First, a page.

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Engineering: Engineering Standards

Standars and Codes

"What is a standard?

A standard is a document that provides requirements, specifications, guidelines or characteristics that can be used consistently to ensure that materials, products, processes and services are fit for their purpose" (From the International Organization of Standards.)

ABOUT CODES AND STANDARDS (From  "A Reporter's Guide to Fire and the NFPA")
"The earliest building code is thought to have been developed sometime between 1955 B.C. and 1913 B.C., during the reign of King Hammurabi of Babylon. The code didn’t specify how to build a building - but laid out the consequences of not building well. If a house fell and killed the owner or his child, then the builder, or his child, would be slain in retaliation.

Today’s codes are more elaborate, and less punitive. But like Hammurabi’s code, they express society’s will on a particular technical issue, specifying a desired outcome.

  • code is a model, a set of rules that knowledgeable people recommend for others to follow. It is not a law, but can be adopted into law.
  • standard tends be a more detailed elaboration, the nuts and bolts of meeting a code.


One way of looking at the differences between codes and standards is that a code tells engineers what is needed to be done, and a standards tells engineers how to do it. A code may say that a building must have a fire-alarm system. The standard will spell out what kind of system and how it must work. The NFPA has few codes; most of its documents are standards."


ACCA (Air Conditioning Contractors of America) produces technical manuals. Most of the manuals meet ANSI stanadards.

The library has four manuals available. They are on a 2 Day Checkout Period. Go to the Circulation Desk on the 2nd floor to request the books and to check them out.


ANSI (American National Standards Institute), which was founded in 1918, covers many areas, such as "acoustical devices to construction equipment, from dairy and livestock production to energy distribution".

Obtain a free copy of a standard if a student and professor can demonstrate how it will be used in a classroom design. 


"ASHRAE was formed as the American Society of Heating, Refrigerating and Air-Conditioning Engineers by the merger in 1959 of American Society of Heating and Air-Conditioning Engineers (ASHAE) founded in 1894 and The American Society of Refrigerating Engineers (ASRE) founded in 1904."

There are 1990s standards in the Library. There are older ASHRAE standards in RBN 1001. For more recent ones, consult this site and then contact the STEM librarian about obtaining the latest version through interlibrary loan.

A professor can order examination copies of certain publications, such as some guides or manuals.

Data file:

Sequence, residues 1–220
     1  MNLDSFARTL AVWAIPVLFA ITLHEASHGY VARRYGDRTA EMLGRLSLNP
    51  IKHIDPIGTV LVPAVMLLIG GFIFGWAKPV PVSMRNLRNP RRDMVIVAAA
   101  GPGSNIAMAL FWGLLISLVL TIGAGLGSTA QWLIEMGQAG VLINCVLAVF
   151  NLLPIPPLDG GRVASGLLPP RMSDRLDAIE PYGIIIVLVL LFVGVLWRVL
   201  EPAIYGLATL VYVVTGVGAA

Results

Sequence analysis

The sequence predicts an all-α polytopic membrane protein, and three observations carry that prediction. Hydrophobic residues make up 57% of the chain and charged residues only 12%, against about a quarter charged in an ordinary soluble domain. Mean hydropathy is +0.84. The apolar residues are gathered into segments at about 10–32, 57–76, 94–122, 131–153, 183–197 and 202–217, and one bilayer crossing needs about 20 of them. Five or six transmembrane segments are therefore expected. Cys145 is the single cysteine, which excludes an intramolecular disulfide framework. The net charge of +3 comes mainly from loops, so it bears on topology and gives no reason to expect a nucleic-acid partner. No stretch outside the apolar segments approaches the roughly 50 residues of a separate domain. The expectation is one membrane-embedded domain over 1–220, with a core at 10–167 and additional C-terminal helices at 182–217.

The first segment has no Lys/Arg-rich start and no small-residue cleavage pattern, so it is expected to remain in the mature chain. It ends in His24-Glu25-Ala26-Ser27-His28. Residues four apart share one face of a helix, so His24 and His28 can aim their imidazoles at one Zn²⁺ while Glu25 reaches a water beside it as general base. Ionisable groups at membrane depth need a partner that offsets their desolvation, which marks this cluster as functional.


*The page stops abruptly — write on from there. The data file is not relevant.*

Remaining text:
ASME (American Society of Mechanical Engineers) started publishing standards in 1914. These self-paced courses teach students about standards.

The ASME standards are listed here. It may be possible to obtain a copy through Interlibrary Loan.


ASTM's former name was the American Society for Testing and Materials

The library has the 2013 print version of these standards in the Reference Section. The books can't be checked out, but scans or copies are permitted.

Houston Engineering Center students can read the 2003 print versions in the HCC Library. RBN 1001 has the 2001 print versions.

Distance students can request a 2013 copy of a standard through Interlibrary Loan.

This site contains the latest ones. Contact the STEM librarian about a possible request through Interlibrary Loan.

Institute of Electrical & Electronic Engineers

Institute of Electrical and Electronics Engineers - They work in other areas, such as health informatics and transportation.

Access is available by logging in with the UT Tyler username and password. If the standard is not free, contact the STEM librarian.

The 13 Color Books have been used in the industrial and commercial fields. It is being replaced by 3000 or "dot" standards.

The upgrade will take many years, because portions of each color book are being implemented into a new 3000 standard. For example,  "P3000.x Power Systems Design series of standards" will combine elements from the existing "Gray, Red, and White, Books." It is estimated that seventy 3000 series standards will be created.


ISO (International Standards Organization) produces international standards. The headquarters is in Geneva, Switzerland.

ISO has produced books about using standards and its benefits.

Approximately 19,000 ISO standards are available. These standards might be available through Interlibrary Loan. Contact the STEM librarian for more information.

National Fire Protection Association - Fire, Electrical, and Building Safety Issues

National Fire Protection Association -  Access the codes and standards at no cost, but registration is required. The latest version of JAVA must be installed in order to read these documents.

2014 National Electrical Code -  Electrical Wiring & Installation - Free access but registertation is required.

United States Military Specifications (MIL-SPECS)

Mil Specs are requirements, developed by the Department of Defense of the United States Government, for products that are made for the armed forces. The ASSIST database is used to search for MIL Specs.